Busy first day on the job for RNLI Penarth’s newest lifeboat helm
Nine years to the day after first receiving his crew pager, RNLI Penarth volunteer James King attended his first service calls as helm of Penarth’s D-class lifeboat, responding to two callouts and coming to the aid of seven people during a busy Sunday for the crew.
Lifeboat helms are senior members of the crew who take command of the lifeboat while afloat during a rescue or exercise. They are responsible for the safety of all on board the lifeboat and for executing safe and effective rescue operations. Rigorous training and assessments are required before a crew member can qualify as a lifeboat helm.
James has been a crew member at Penarth for several years before taking on the role of helm. Volunteering as lifeboat crew and attending medical emergencies even inspired a career change for James in his day job, and he has now been a member of the ambulance service for seven years.
The first callout of the day came at 11:00 as the crew received reports of a fishing boat which had become grounded on a sandbank in the channel. Penarth’s D-class lifeboat launched, and the crew checked the safety of the four people on board the fishing vessel. The lifeboat brought an adult and a child back to the lifeboat station while the remaining two people waited with their boat to refloat on the tide.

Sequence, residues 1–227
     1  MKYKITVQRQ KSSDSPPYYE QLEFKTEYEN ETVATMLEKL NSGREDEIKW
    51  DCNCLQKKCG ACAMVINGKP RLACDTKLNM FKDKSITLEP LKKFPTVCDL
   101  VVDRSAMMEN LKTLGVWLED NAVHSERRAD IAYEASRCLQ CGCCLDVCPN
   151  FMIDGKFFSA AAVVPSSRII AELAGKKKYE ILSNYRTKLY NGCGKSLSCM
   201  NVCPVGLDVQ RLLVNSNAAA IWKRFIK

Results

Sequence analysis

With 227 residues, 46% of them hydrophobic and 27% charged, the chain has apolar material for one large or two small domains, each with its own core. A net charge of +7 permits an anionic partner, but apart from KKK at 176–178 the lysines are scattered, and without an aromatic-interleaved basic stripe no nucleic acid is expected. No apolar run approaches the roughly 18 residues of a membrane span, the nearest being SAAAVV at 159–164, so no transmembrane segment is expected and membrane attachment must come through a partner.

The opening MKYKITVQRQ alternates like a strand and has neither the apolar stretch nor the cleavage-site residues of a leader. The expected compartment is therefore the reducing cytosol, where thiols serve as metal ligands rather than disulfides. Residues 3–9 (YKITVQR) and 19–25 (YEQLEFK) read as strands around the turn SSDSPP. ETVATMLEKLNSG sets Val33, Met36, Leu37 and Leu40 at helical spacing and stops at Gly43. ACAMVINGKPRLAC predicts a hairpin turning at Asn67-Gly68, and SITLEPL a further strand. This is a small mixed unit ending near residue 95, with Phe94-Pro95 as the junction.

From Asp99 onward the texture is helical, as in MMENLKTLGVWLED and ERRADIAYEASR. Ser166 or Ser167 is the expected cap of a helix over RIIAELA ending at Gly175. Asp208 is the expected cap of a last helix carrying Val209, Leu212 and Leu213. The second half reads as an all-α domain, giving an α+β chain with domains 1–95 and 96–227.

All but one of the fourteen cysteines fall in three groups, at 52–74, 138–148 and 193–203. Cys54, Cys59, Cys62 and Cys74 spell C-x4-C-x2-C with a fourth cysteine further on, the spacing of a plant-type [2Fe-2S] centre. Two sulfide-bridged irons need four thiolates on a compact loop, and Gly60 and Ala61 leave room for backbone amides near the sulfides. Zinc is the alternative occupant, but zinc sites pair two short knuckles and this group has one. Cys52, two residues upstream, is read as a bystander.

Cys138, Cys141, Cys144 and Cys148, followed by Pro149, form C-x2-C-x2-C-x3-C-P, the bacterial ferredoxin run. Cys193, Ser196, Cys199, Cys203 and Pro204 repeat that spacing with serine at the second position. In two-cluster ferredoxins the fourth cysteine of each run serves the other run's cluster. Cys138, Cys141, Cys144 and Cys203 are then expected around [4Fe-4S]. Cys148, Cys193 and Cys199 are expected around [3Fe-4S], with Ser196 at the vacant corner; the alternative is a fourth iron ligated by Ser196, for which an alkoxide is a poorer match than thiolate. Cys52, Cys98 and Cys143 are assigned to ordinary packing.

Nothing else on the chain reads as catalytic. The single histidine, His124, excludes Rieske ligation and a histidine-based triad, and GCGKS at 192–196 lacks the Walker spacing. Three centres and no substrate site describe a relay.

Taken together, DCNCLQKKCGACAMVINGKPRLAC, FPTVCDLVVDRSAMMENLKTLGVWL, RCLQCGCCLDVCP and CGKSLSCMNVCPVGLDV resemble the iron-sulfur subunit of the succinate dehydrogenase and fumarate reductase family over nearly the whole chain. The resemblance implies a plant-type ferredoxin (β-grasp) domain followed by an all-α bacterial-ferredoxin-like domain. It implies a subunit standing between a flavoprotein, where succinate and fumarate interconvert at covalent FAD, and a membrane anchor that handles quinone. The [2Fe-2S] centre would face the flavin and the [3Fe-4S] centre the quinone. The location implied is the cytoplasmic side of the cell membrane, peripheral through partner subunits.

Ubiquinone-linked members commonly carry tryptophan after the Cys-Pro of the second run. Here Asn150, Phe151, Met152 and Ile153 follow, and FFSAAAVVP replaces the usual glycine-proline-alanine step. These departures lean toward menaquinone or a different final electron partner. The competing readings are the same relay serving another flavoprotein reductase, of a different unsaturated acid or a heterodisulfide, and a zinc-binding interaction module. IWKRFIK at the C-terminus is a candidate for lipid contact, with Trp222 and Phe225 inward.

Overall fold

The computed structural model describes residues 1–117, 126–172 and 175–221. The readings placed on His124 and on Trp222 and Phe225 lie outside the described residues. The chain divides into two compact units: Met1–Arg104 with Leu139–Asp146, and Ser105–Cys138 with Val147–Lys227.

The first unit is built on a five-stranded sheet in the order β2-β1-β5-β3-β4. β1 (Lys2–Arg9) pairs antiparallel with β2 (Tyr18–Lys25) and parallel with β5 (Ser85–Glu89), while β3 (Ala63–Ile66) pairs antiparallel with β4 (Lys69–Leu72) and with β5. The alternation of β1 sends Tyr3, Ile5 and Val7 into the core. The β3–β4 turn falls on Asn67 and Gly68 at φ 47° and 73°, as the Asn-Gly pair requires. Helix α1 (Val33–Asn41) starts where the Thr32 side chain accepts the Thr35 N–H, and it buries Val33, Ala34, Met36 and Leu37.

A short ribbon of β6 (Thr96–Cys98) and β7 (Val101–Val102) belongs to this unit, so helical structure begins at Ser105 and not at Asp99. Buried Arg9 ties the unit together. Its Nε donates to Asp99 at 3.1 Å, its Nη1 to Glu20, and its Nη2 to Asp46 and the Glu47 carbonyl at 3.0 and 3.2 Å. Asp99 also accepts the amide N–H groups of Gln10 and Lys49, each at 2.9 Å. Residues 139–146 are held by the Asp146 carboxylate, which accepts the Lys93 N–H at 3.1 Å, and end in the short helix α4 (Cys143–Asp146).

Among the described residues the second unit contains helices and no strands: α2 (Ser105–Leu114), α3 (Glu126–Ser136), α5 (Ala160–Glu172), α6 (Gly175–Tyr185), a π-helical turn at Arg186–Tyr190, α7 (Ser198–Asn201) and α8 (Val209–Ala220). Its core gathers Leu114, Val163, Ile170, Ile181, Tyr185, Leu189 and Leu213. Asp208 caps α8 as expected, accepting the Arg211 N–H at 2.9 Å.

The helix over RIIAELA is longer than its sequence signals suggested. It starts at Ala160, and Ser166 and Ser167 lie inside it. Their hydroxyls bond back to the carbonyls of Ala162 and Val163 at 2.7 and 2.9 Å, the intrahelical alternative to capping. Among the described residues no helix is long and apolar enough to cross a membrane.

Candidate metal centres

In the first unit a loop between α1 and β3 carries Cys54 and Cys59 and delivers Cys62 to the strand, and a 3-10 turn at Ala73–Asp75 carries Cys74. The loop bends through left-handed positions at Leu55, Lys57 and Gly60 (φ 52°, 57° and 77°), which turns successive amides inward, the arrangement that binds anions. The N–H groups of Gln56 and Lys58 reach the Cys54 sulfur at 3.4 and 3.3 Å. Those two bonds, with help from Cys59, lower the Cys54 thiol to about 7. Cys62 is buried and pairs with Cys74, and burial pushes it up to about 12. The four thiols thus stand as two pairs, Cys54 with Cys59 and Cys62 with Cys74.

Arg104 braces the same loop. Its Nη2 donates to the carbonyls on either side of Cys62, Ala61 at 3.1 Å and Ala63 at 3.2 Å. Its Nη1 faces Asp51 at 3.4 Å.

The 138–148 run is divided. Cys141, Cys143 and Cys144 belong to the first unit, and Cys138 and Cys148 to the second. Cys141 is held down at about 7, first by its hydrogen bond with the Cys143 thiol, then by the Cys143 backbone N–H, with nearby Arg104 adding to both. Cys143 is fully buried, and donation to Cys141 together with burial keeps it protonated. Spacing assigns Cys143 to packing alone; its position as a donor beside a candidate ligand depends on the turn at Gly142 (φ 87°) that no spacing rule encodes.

At 18:30 the crew were called out again, tasked to assist three people cut off by the tide at Lavernock Point. Both of Penarth’s lifeboats launched, along with Penarth Coastguard Rescue Team, and found the three people on a small patch of dry land beneath the cliff as the tide came in around them. The three people were brought safely back to the lifeboat station on the D-class lifeboat.
James King, volunteer helm at RNLI Penarth Lifeboat Station, said:
“Having gained experience over the years as a member of the volunteer crew, I am delighted to be the newest helm at RNLI Penarth and look forward to joining the complement of other helm crew members.
“It was great to put all the training into practice and achieve a good outcome from both callouts, ensuring all the casualties were safe and well.”
Jason Dunlop, lifeboat operations manager at RNLI Penarth Lifeboat Station, said:
“We would like to congratulate James King on becoming our newest D-class helm. The journey to becoming helm requires a lot of training and dedication, and James will be a great asset to the station, further enhancing our ability to respond to the call to save lives.”
Key facts about the RNLI
The RNLI charity saves lives at sea. Its volunteers provide a 24-hour search and rescue service around the United Kingdom and Republic of Ireland coasts. The RNLI operates 238 lifeboat stations in the UK and Ireland and more than 240 lifeguard units on beaches around the UK and Channel Islands. The RNLI is independent of Coastguard and government and depends on voluntary donations and legacies to maintain its rescue service. Since the RNLI was founded in 1824, its lifeboat crews and lifeguards have saved over 142,700 lives.
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